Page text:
relevance, badly written and prepared (for instance not following procedure, guidance
and appropriate format specified in the national standards or are full of spelling errors)
social workers and probation officers not only let themselves and their agency down, but
also, and more importantly, service users. The HM Inspectorate of Probation (1994:30-
31: paras 4.10-4.12) report identified serious deficiencies in this area and added that:

A variety of practices was noted and disturbing differences in service ideologies were
encountered. . . . The quality assessment of 214 PSRs revealed that 25 per cent were not
of an acceptable standard . . . . 'Same day' PSRs scored lowest on the overall quality
scores for the PSRs assessed (33 per cent were of an unacceptable standard). . . . Steps
should be taken by all services to ensure that PSRs were of the required standard. . . . Above all,
services should be more proactive in ensuring the provision of expedited reports, based on a
nationally agreed and consistent policy.

The importance of presenting good reports to courts (criminal or civil) needs to be


recognised by every service. One should expect all social workers and probation
officers (working, say, in youth justice, criminal courts, and family work) to be skilled in
the area.
Another skill which is of paramount importance for competent work is the ability to
gather, record, evaluate and assess people's needs, rights, risks, strengths,
responsibilities and resources. It is also important that an ability to evaluate the harm
which may be caused by individuals' actions to others and ways of reducing that risk is
Competence in Social Work and Probation Practice 195

present and properly demonstrated. In order to do this efficiently, practitioners must be


able to devise a programme or a 'plan of intervention or supervision' which specifies the
purpose of super vision, the goals, the means and the outcomes. As pointed out in
Chapter 6, there is evidence to suggest that where such aims and means are clearly
stated, reviewed and assessed together with service users there appear to be more
positive outcomes than when work is done haphazardly and in an aimless, unchecked
fashion.

It is essential to emphasise that the skill of making assessments and acting on them
encompasses all types of social work, including working with offenders. In that instance,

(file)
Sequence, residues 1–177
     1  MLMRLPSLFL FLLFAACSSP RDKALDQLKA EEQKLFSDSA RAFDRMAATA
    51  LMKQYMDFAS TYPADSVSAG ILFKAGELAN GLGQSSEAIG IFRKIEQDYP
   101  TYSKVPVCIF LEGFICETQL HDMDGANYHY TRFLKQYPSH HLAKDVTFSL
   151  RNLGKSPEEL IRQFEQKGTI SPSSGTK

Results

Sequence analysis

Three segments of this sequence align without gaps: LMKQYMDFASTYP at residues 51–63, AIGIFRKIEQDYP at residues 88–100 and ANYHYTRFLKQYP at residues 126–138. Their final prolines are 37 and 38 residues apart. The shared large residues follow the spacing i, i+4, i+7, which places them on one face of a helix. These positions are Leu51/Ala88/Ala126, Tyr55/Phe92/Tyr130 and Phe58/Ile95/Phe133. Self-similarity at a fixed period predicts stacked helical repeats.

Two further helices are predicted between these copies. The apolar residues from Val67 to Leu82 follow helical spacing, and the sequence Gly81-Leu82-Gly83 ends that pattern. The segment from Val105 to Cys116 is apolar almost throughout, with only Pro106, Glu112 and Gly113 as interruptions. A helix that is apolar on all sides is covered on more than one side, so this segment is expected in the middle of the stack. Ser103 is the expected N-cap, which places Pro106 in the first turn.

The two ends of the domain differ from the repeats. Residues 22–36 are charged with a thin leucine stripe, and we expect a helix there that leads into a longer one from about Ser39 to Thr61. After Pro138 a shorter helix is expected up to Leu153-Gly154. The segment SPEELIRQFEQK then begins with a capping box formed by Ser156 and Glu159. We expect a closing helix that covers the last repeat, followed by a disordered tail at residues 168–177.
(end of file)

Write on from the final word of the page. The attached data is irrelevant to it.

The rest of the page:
practitioners must also be able to assess the offence(s) and offending behaviour in the
light of all the circumstances and at the same time evaluate and assess the risk to the
public.

We also referred to the skill of contributing to the planning, monitoring and control of
resources. Practitioners, we argued, should know about available resources, priorities,
criteria and procedures for their deployment and ensure that resources are planned and
used in efficient ways. It is a skill which in the past was deemed to be the prerogative of
senior managers of a service whilst others were expected to remain oblivious or
ignorant of budgeting and utilisation of resources. This was a distorted impression of
what social workers and probation officers did but it succeeded in convincing the
majority of practitioners that the best way to avoid thinking about it was to turn a blind
eye to the availability, distribution and management of resources. This is no longer
accept able nor advisable. Social workers and probation officers have a duty to know
about resource provision and priorities and must demonstrate skill in managing such
resources in the best interests of their services and their users.

Competence
Competence is a successful amalgamation of knowledge, values and skills together
with a process of understanding one's own self and what effects that process has on
others as well as on the outcome(s) of supervision, intervention and interpersonal
relations with colleagues, users, and other agencies.

In sum, the argument we have put forward in a consistent manner is that the 'ability
to perform, know and understand is called competence' (probation Training Unit,
1994:1 ; emphasis in original). This ability, as the Probation Training Unit goes on to
define it, means that a practitioner should be able to undertake a variety of tasks
and activities at work and feel confident that the means and
196 Social Work Competences

the outcomes of such activity will be the desirable goals. An able practitioner should be
in a position to deal with a number of tasks and demands at the same time. That is
to say, the tasks of social work and probation are such that more often than not the
workload involves diverse and competing pressures and the practitioner should be in a
position to utilise appropriate knowledge, values and skills to deal with this diversity as
well as issues which happen or are referred to them at the same time. Although they
can, and should, learn to prioritise their tasks and manage their workload, they cannot
deny the fact that they are dealing with a variety of users of different ages and different
backgrounds as well as different needs or requirements. They need to be able to set
priorities but, like a competent juggler who can keep several objects in the air
simultaneously, they must be skilled in negotiating and using appropriate means to
handle different tasks and expectations which are happening simultaneously.

In view of that diversity and the 'juggling act', it follows that social work and probation
practice are highly demanding in both mental and physical terms. Practitioners need to
be constantly alert about their tasks and the way in which they respond to them. Since
they are dealing with personal, interpersonal, criminal, moral and social issues and